Another way to achieve some level of DWC water temp control is to either paint the exposed surfaces of the reservoir white or wrap it in reflective material. This will deflect sunlight or artificial light, preventing it from striking the plant surfaces and generating heat.
Insulate the DWC System
Wrapping the reservoir in insulating material will help to keep out the heat and maintain a cool environment inside the deep water culture. Insulation jackets can be customized to serve this purpose.
Use Cooling Fans
Cooling fans can be used to directly cool heat emanating from a reservoir. Some available aquarium fans can be satisfactorily utilized with hydroponic reservoirs as well. The drawback to using fans for cooling is they can significantly increase the humidity of the system.
Situate Indoor Reservoirs Away from Heat Sources
The ideal location of an indoor hydroponic reservoir is as far away from sources of ambient heat (hot lights, heated equipment) as possible. Locating the reservoir in a cool place helps minimize the transfer of heat from these sources, keeping your hydroponic water temp at acceptable levels.
Use Immersion Coils with a Temperature Controller
A temperature controller can be used to set a specific temperature and monitor the actual temperature of the reservoir. A temperature sensing probe is in the reservoir, and an electric solenoid valve is installed at the entrance of the stainless steel immersion coil.
During chilling demand, the chilled fluid from the chiller will flow through the immersion coil. When the temperature set point is reached the valve will close preventing the chilled fluid from flowing through the coil. This is an efficient use of the chiller’s cooling capacity; only providing heat removal to the tanks that are calling for cooling.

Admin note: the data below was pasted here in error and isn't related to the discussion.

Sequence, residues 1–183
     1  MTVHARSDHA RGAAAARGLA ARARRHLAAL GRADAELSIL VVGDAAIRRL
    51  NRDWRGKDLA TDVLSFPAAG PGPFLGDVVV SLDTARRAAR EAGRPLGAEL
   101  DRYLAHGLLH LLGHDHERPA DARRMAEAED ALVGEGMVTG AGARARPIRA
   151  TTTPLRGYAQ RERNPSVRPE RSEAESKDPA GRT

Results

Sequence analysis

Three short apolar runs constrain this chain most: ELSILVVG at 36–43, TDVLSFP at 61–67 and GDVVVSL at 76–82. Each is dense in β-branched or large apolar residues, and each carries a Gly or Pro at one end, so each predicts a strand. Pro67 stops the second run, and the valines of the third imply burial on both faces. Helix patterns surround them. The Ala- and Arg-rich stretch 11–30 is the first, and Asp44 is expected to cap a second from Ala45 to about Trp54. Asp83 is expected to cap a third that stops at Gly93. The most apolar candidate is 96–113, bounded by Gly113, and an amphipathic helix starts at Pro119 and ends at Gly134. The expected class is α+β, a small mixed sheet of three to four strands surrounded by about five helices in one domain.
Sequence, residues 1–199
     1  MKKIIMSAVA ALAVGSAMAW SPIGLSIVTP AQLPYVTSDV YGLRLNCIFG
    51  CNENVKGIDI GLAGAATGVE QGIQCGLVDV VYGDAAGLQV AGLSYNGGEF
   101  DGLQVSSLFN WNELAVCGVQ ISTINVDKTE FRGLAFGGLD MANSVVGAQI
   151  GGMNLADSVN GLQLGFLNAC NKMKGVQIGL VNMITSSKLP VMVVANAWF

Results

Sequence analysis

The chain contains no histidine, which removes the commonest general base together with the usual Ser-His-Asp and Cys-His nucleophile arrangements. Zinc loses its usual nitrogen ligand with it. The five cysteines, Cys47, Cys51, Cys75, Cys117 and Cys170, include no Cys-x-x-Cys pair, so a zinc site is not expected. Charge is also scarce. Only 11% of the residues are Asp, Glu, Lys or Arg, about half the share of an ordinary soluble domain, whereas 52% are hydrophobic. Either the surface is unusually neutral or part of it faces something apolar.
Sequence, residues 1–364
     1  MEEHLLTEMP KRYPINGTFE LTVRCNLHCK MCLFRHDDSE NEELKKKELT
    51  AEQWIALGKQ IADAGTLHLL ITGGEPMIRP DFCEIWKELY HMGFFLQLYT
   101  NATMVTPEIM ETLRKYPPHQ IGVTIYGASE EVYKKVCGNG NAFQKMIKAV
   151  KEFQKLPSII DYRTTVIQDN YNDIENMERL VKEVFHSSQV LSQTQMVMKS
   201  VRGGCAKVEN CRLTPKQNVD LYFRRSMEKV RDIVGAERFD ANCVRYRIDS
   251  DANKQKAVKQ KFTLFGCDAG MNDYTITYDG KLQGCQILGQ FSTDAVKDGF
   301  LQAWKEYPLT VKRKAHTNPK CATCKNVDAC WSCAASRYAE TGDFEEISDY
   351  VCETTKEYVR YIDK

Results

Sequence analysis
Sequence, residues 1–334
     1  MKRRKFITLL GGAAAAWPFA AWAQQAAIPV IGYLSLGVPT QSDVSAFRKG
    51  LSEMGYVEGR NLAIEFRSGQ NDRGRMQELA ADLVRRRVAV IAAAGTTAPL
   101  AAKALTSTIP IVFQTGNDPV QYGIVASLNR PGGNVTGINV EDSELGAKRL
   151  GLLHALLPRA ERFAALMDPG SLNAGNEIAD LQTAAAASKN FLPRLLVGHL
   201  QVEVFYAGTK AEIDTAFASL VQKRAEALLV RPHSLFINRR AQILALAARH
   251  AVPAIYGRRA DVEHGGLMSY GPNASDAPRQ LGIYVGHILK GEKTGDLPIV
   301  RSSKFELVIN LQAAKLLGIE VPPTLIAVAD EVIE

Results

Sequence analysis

Bury Outdoor Reservoir Units
For hydroponic gardens located outdoors, placing the reservoir system beneath the ground can be a good idea. This will not only shield the reservoir from the heating effect of direct sunlight but also provide it with the natural cooling effect of ground soil.
Handle Root Rot
A vital aspect of achieving ideal water temp for hydroponics is properly handling the issue of root rot. This condition if left unchecked can significantly contribute to warming up the nutrient water in a hydroponic system.
Root disease thrives in warm water, so the warmer it gets, the worse the rot. There are several measures which can be taken to address rot disease including:
- Identification and immediate removal of dead leaves and roots
- Using mineral-based nutrients to prevent root problems
- Application of enzymatic root area cleaners to minimize disease-causing sludge
Check Out Cold Shot’s Line of Hydroponic Chillers
Cold Shot Chillers manufactures some of the highest-grade hydroponic chillers suited for reliable cooling in your hydroponic gardens. Our agricultural chillers have capacities from 1.5 to 100 tons and are designed with the finest quality materials at our facility in Houston, Texas. We also provide a range of industrial water chillers for medical, metalwork, and brewery applications.